Enforcement and Protection of Equality in Civil Society: Correctional Facilities in Bangladesh

Submitted by cmurphy on Sun, 2010-12-19 15:16
Revised by cheid on Thu, 2017-10-05 13:49

Ain o Salish Kendra (ASK) is a legal aid and human rights organization established in Bangladesh in 1986. The main goal of ASK is to “establish the rule of law based on the principles of equality, democracy, human rights, justice and gender equity.”1 Therefore, one such objective is to monitor human rights, including the rights of prisoners. ASK has noted that despite the fact that under the International Covenant on Civil and Political Rights (ICCPR), juveniles under trial are to be held in separate facilities than adults, this is not always the case.2 Another concern is that the government does not generally allow independent human rights monitors to visit prisons, nor are any findings regarding the status of prisons by the government published.3 Over recent years, ASK has also been following deaths occurring in custody.4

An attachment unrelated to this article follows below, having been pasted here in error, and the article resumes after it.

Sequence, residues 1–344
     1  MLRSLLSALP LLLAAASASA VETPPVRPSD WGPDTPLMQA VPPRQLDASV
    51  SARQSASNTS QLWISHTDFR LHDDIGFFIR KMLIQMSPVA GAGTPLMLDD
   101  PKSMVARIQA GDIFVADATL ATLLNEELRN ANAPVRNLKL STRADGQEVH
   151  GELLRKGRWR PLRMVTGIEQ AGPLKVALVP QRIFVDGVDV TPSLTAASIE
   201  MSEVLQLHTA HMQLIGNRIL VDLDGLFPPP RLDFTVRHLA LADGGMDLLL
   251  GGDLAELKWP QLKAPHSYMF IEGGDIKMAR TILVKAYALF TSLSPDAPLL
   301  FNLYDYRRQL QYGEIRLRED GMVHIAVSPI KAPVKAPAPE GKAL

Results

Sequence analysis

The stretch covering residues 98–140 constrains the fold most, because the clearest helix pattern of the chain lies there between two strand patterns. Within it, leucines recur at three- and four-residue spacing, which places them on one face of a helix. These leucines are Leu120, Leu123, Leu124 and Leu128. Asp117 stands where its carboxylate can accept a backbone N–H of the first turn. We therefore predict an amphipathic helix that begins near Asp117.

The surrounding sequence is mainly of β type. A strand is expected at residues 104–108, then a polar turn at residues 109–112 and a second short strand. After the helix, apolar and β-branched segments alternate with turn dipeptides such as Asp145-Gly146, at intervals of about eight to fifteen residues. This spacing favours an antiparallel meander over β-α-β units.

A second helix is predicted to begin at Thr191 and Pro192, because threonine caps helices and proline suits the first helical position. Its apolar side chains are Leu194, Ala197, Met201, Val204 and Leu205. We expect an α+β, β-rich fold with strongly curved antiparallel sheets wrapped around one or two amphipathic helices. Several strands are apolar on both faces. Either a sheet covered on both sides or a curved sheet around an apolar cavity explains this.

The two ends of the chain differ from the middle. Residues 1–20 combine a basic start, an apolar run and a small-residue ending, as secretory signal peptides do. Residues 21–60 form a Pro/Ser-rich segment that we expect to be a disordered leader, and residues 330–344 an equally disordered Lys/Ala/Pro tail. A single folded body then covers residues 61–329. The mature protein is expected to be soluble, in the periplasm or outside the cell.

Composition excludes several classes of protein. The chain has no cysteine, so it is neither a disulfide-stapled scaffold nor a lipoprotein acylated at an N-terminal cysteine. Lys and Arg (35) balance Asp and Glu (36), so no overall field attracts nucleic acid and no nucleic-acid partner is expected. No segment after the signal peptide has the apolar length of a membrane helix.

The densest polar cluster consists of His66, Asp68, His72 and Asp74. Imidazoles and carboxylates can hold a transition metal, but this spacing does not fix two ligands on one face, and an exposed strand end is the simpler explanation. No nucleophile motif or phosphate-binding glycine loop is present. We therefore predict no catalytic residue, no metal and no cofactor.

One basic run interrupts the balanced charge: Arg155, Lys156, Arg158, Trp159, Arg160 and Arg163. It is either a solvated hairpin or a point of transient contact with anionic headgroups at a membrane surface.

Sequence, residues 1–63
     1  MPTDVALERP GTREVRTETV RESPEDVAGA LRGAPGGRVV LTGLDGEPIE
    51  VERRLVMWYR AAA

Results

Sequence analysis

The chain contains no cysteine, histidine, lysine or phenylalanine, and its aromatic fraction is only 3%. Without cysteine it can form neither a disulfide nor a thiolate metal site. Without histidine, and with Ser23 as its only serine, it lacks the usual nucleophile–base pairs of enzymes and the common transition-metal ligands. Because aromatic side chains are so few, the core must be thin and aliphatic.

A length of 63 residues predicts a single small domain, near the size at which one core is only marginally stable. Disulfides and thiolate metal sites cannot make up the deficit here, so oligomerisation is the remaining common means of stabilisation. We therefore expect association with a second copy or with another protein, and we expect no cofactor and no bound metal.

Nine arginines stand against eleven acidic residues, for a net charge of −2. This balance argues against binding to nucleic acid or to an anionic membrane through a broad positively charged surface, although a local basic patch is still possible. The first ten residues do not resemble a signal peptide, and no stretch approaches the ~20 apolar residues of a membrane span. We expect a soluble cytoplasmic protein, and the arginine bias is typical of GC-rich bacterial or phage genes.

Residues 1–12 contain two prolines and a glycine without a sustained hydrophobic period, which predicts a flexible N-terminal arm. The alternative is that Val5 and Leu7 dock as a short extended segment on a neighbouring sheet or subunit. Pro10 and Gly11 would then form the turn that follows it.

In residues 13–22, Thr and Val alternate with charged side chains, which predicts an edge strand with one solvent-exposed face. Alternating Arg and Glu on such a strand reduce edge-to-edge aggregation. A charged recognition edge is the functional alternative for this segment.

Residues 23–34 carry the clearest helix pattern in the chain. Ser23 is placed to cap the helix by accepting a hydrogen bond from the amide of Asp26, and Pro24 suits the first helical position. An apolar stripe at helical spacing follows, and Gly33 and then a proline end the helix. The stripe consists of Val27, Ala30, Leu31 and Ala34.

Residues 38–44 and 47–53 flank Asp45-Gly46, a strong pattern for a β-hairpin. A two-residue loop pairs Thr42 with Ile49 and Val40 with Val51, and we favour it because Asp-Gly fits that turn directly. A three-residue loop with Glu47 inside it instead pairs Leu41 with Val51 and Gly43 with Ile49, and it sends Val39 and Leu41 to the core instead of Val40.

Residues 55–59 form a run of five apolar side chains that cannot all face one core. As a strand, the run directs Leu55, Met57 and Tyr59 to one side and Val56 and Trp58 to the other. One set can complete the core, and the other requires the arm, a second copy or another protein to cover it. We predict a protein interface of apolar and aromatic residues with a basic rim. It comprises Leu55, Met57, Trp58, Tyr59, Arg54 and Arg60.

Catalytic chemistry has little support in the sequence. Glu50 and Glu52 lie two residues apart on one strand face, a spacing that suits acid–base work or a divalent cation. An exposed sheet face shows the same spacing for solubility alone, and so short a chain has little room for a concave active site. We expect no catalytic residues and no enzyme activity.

Local human rights observers believe that contributing factors to custodial deaths include: “overcrowding, inadequate facilities, and the lack of proper sanitation.”5 Part of the issue with overcrowding is that cases are severely backlogged. The backlogging of cases means that two-thirds of detainees are “either awaiting trial or detained for investigation.”6 This has caused some detainees who are awaiting trial to “spen[d] more time in jail than if they had been convicted and served a maximum sentence.”7 Women who are held in “safe custody,” i.e. those who are victims of rape, trafficking, etc., are supposed to be kept separate from criminals, but in practice they may find themselves housed alongside convicted criminals.8